But Facebook doesn't only limit itself to these Apps.  Remember those Social buttons that you click on to 'Like' or '+1' a product or article? These are supposed to connect with websites that focus on building social relationships (like Facebook, Twitter, and LinkedIn) and to help you share content, interests, and activities with your friends and contacts.  However, Social Buttons also allow these same social networks to track your activity across the internet whether you click on them or not.  This information is worth money to them as they then sell this on to their customers.  You can, for example, read what Facebook does with your data by reading their Data Use Policy.

Then there are Advertising networksThese share your information across different sites.  They collect data, display advertising, place cookies, and do a variety of other things as a paid-for service for their clients. Typically, the customer (not you - you're the product!) who buys from an ad network is a publisher who displays targeted adverts and marketing on many different websites.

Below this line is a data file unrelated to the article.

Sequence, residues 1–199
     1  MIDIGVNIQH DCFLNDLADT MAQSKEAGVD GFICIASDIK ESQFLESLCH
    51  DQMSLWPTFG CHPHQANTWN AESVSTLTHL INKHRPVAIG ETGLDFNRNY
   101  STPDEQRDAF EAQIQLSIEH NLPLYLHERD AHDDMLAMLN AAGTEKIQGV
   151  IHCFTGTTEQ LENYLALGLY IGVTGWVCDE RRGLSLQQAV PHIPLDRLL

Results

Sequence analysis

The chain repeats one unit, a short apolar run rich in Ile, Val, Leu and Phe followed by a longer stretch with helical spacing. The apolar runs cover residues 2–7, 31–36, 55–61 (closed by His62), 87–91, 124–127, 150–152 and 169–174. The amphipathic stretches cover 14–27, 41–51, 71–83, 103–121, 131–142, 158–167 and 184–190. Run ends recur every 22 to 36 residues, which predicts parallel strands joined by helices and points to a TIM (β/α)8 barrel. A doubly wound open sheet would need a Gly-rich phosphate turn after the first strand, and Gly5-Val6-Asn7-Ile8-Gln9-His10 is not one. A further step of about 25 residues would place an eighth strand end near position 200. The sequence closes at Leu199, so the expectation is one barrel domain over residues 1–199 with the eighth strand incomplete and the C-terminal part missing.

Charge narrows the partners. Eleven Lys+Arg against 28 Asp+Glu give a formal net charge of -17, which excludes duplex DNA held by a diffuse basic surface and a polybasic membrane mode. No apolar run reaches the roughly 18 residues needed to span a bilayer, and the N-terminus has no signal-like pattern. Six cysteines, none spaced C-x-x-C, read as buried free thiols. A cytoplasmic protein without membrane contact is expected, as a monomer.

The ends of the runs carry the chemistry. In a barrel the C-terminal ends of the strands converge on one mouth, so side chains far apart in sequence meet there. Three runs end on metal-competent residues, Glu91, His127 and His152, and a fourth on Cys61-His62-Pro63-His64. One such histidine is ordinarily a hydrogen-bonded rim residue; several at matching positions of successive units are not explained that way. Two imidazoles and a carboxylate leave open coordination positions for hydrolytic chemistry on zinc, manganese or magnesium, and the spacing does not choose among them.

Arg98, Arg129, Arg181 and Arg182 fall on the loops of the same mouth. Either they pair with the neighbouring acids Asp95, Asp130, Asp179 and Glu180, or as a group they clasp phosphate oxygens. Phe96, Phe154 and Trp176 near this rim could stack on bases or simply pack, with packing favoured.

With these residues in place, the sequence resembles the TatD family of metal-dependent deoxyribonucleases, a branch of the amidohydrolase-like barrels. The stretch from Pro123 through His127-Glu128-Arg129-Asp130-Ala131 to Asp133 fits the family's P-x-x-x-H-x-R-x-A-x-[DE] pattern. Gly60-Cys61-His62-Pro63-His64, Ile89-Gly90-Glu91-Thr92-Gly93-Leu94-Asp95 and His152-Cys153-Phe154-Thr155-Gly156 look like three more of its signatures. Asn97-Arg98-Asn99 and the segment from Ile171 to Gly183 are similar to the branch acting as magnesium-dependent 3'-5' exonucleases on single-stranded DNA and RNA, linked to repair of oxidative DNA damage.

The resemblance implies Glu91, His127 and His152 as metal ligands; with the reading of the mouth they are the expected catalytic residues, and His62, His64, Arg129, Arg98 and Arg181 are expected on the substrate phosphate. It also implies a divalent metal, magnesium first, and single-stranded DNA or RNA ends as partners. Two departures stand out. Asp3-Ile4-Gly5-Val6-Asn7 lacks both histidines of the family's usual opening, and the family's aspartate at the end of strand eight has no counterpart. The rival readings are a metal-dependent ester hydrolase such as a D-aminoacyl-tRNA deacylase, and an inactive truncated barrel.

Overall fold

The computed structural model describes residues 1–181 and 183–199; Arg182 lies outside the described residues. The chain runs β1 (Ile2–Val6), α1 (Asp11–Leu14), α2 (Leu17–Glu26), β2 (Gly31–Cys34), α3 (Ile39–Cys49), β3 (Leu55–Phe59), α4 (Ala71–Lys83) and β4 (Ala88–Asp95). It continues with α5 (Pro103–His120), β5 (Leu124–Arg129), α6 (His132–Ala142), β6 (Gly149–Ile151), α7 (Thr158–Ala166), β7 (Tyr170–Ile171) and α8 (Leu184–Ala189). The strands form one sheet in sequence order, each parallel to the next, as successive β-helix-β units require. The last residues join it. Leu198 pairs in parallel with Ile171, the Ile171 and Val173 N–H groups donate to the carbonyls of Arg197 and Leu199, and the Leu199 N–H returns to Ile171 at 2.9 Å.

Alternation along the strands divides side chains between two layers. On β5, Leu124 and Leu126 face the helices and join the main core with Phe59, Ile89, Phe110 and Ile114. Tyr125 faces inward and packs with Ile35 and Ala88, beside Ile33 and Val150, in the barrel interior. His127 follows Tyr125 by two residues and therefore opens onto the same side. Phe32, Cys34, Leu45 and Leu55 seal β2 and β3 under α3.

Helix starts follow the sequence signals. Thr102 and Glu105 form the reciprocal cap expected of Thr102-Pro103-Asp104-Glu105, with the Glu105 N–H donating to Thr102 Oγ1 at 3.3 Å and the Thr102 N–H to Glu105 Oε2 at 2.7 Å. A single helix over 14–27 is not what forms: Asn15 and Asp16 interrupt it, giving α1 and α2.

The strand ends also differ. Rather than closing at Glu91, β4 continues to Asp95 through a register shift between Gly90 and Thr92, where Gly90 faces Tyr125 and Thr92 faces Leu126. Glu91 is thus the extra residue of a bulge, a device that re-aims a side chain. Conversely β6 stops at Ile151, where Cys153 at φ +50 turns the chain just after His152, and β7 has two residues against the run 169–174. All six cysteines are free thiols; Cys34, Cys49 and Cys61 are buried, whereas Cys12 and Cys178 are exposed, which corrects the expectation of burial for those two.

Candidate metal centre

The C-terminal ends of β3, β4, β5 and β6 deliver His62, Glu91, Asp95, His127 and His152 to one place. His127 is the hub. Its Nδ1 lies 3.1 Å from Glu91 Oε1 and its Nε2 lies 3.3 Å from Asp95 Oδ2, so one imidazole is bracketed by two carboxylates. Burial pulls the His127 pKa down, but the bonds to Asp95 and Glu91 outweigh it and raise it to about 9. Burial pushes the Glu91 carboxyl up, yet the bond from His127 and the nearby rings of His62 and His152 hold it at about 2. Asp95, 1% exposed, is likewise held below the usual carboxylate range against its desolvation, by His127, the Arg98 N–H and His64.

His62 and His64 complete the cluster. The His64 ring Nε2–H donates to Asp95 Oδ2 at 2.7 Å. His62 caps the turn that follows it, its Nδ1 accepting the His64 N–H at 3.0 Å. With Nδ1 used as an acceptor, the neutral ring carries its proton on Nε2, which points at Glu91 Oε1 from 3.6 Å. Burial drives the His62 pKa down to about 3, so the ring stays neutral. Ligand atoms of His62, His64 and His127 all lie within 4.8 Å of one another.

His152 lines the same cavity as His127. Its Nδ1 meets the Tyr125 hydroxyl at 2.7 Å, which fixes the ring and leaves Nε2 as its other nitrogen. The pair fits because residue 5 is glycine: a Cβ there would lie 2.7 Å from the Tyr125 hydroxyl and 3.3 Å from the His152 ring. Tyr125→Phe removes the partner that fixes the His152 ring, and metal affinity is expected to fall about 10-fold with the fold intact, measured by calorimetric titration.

Finally there are Tracking companies who provide individual website owners with tools to analyse and monitor visitors to their sites. These analytical networks collect data on how long you stayed on a site, what you clicked on, where you went before and after your visit, and more.  They'll track which words or phrases you used on a search engine to get here.  Even the path your mouse took to get to a button.  All of this is used to build up a profile of you, so that advertisers can target you with 'relevant' advertising - or to streamline the performance of a web site to make you click quicker on a link to an advert.